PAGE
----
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5 August 2003 KC-135 zero-G testing of a microsatellite docking mechanism
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Michigan Aerospace Corporation has developed a mechanism for microsatellite docking, which has been successfully demonstrated in a microgravity environment. This docking mechanism is specifically designed for soft-docking capability, tolerance to misalignment, and scalability. The current Autonomous Microsatellite Docking System (AMDS) design resulted from modifications to an earlier docking mechanism prototype that was tested at the Marshall Space Flight Center (MSFC) Flat Floor Facility. The AMDS was tested in a microgravity environment through the NASA JSC Reduced Gravity Program, where a KC-135 turbo jet flies a series of parabolic maneuvers. The test objectives of the KC-135 flight were to determine the docking mechanism cable assembly behavior in zero-g, test the full range of the docking envelope in a six degree of freedom test setup and determine the undocking capability and stability. The nature of the Michigan Aerospace docking mechanism enabled the entire docking cycle, including soft dock, auto-alignment and hard dock, to be completed within the 20 seconds of 'zero-g' time. Complete end-to-end docking and undocking was performed under a variety of initial conditions and docking parameters. The data collected during the KC-135 testing will be used to validate dynamic simulation models of the docking mechanism. The intent of these dynamic models is to examine a number of docking scenarios between a chaser and target satellite. This paper will discuss the results of the KC-135 docking tests and docking simulations.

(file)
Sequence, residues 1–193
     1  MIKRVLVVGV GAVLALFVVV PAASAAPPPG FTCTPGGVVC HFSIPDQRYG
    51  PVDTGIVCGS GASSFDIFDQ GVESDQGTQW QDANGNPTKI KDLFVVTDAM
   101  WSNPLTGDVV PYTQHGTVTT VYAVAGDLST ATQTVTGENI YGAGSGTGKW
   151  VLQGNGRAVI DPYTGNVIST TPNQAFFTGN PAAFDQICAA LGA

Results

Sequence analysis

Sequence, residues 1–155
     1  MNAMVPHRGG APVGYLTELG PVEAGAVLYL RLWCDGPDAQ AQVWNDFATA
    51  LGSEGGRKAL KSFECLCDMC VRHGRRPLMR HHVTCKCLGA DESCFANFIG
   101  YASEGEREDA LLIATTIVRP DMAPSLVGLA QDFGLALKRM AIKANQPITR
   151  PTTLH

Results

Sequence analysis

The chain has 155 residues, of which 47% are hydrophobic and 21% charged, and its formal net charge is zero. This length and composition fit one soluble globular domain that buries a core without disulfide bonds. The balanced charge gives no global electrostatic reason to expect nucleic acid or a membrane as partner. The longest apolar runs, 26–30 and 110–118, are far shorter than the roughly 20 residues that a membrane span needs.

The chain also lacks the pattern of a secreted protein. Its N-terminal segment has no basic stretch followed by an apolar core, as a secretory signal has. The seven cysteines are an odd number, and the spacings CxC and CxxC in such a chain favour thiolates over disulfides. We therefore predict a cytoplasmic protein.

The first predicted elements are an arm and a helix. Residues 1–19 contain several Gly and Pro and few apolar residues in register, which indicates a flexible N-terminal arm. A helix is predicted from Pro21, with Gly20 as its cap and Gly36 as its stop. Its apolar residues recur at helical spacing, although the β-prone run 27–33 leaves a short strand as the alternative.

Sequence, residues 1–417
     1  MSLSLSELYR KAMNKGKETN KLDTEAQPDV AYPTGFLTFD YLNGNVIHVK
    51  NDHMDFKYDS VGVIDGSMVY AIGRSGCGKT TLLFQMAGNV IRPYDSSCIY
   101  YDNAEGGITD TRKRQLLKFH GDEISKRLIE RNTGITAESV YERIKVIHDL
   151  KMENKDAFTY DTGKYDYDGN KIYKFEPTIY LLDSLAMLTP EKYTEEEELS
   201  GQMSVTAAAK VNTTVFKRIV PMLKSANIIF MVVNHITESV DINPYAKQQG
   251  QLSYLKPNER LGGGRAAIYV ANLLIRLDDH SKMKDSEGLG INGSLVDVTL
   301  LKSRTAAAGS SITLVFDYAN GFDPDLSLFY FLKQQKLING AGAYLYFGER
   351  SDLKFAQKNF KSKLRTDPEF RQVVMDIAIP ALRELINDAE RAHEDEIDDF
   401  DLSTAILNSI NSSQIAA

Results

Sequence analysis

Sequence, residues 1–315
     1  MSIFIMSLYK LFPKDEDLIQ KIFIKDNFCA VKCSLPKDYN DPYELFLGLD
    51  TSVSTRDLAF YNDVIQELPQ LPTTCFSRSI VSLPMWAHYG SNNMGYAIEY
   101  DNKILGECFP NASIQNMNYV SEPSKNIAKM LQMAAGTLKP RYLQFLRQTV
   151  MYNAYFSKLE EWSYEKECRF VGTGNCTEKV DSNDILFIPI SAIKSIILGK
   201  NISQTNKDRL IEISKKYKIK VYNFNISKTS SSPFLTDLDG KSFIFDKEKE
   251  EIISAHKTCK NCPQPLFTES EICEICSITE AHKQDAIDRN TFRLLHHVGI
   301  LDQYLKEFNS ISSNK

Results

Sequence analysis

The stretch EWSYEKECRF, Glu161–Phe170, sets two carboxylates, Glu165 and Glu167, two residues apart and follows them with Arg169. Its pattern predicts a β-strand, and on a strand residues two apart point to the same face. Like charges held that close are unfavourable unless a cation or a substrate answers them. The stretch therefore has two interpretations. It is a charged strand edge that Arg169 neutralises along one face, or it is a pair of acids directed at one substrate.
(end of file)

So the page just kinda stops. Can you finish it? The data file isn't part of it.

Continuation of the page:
© (2003) COPYRIGHT Society of Photo-Optical Instrumentation Engineers (SPIE). Downloading of the abstract is permitted for personal use only.
Jane C. Pavlich, Peter Tchoryk Jr., Anthony B. Hays, and Gregory Wassick "KC-135 zero-G testing of a microsatellite docking mechanism", Proc. SPIE 5088, Space Systems Technology and Operations, (5 August 2003);

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